Power Of Attorney
A Power of Attorney or Durable Power of Attorney (DPOA) is a document that specifies who would be helping you make financial and property decisions. The person who you name in the Power of Attorney document to assist you is called your “Agent” or “Attorney in Fact”.
As a good estate planning attorney in Covina, I like to ensure that my clients understand the different ways that a Durable Power of Attorney may be drafted.
A Power of Attorney is typically drafted in one of two ways in regards to “effect”:
- Springing: Most clients want their Power of Attorney to be a “springing” document. This means that the Power of Attorney only takes affect when the person becomes incapacitated. “Incapacity” is generally defined as either being certified by two physicians or by court order. If a person becomes incapacitated, then financial and property management powers “spring” from that incapacitated person to the person of choice (“Agent” or “Attorney in Fact”).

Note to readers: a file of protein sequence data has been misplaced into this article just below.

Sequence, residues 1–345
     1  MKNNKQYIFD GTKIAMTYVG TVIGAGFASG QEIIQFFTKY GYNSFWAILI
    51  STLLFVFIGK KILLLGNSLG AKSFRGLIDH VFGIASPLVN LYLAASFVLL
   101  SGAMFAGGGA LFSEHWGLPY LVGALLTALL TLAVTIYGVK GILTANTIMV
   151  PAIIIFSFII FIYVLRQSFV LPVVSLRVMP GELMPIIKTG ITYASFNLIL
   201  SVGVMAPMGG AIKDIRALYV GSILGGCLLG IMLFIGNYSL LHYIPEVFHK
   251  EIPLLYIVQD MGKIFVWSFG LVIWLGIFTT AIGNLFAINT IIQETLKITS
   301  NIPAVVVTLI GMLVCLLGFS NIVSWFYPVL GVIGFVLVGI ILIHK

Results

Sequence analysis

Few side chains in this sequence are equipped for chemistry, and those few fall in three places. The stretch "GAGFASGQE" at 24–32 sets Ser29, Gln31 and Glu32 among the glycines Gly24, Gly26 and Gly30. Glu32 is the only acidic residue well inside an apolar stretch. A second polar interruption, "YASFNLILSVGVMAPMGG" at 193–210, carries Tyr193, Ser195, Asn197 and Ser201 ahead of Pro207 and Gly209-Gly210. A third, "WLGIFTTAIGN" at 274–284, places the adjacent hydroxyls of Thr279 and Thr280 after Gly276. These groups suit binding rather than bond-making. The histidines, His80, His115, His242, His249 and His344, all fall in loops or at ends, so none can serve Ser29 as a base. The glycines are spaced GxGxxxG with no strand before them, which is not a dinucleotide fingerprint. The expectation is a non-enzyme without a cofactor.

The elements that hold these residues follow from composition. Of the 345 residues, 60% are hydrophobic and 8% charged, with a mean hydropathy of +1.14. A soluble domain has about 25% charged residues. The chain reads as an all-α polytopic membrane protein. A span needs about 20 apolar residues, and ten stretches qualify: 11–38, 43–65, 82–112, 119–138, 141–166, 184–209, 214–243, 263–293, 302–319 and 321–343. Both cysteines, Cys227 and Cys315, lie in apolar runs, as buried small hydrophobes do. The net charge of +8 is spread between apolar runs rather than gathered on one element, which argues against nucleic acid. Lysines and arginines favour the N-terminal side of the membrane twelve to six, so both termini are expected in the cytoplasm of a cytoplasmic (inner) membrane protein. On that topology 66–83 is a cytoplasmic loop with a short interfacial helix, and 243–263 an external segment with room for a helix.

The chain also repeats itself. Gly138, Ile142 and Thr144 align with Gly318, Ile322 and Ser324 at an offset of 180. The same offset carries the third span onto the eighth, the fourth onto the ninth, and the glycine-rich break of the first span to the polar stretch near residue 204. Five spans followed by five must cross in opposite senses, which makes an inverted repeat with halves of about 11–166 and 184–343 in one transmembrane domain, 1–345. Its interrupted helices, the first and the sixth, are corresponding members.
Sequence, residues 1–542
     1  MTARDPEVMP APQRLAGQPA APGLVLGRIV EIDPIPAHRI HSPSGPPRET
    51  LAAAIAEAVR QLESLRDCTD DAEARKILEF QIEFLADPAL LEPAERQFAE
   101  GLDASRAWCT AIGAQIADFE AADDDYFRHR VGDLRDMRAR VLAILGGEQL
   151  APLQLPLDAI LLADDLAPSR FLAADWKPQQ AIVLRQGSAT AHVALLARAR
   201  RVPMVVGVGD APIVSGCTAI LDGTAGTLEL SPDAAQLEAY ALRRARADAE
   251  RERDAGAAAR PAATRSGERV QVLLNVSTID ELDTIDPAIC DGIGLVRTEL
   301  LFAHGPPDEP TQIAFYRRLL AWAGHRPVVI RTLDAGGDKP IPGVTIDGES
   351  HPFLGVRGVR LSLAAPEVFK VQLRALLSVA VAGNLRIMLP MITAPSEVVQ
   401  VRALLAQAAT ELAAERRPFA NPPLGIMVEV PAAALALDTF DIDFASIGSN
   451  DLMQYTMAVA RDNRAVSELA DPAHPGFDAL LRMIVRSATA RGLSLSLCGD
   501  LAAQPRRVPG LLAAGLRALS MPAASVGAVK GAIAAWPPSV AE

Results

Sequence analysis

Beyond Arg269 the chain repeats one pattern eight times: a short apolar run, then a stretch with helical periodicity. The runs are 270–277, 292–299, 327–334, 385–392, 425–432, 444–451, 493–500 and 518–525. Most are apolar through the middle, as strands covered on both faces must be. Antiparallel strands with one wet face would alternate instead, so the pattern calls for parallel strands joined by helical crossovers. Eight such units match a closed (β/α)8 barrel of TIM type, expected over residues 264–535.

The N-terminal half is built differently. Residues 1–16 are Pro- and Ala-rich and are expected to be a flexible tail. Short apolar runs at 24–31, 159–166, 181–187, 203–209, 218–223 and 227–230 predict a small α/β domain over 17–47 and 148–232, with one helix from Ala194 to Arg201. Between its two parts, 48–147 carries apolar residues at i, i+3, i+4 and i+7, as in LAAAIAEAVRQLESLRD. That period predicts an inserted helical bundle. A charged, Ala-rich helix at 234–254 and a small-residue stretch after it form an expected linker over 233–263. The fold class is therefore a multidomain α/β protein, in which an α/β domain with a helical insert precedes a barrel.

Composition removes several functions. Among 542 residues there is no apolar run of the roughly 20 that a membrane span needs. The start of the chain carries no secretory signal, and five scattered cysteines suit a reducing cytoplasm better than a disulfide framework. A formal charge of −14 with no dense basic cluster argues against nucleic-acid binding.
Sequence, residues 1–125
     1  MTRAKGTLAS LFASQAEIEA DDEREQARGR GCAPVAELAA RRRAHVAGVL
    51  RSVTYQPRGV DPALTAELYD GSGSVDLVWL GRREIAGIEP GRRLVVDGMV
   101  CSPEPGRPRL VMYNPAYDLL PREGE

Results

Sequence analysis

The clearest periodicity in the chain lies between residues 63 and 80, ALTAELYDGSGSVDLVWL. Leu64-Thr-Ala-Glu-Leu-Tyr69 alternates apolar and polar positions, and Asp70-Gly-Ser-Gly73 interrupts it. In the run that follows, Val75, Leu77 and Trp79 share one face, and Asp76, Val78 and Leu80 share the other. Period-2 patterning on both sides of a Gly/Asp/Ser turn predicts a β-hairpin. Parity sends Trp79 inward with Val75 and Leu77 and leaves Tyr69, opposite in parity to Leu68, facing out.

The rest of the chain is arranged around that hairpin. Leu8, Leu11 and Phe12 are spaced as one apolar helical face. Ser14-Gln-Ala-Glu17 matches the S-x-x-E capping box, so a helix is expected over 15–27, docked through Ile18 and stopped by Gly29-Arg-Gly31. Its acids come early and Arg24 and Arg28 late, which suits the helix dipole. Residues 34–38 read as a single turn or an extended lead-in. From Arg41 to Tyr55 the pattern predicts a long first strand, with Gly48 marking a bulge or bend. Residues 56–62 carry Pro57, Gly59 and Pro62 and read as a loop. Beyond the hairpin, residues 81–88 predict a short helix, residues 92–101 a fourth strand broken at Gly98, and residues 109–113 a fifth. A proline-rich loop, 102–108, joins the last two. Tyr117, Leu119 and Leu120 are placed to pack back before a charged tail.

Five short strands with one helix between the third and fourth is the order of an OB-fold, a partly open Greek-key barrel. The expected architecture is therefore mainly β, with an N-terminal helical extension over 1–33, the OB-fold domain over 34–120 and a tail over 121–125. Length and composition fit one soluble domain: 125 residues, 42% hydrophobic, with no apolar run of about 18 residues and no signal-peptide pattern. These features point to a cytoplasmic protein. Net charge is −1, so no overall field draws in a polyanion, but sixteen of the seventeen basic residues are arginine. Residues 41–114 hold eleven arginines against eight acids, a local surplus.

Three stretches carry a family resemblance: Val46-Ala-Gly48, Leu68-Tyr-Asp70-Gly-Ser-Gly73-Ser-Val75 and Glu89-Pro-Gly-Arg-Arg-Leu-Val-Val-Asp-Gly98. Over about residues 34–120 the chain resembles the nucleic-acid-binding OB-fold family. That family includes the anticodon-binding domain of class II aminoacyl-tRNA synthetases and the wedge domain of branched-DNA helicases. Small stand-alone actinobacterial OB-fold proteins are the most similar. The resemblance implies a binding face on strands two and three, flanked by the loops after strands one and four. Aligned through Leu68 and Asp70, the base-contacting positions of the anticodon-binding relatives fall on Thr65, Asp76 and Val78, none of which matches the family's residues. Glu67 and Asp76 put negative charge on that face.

- Immediate: Many of my older clients want help handling finances immediately even though that client still has capacity. If this is the case, an immediate Power of Attorney may be executed to give financial and property management power to that person of choice immediately.
Powers of Attorney are also drafted in two different ways in regards to “power”:
- General: A “general” Power of Attorney gives general powers to the chosen person to make financial and property decisions on behalf of someone else. This essentially means the chosen person is acting on your behalf in every regard in terms of finances and property management.
- Limited: A “limited” Power of Attorney only gives power to someone else in a limited sense. Most commonly, a person may give a limited power to another to assist with banking. If this is the case, a limited Power of Attorney may be drafted for the sole purpose of dealing with banking institutions.
Without a Durable Power of Attorney in place, an incapacitated person may be the subject of a conservatorship, which is a time-consuming and costly process that requires Probate Court supervision, which is why pre-planning with a Power of Attorney is so important.
For more information on Power of Attorney, read Power of Attorney- American Bar Association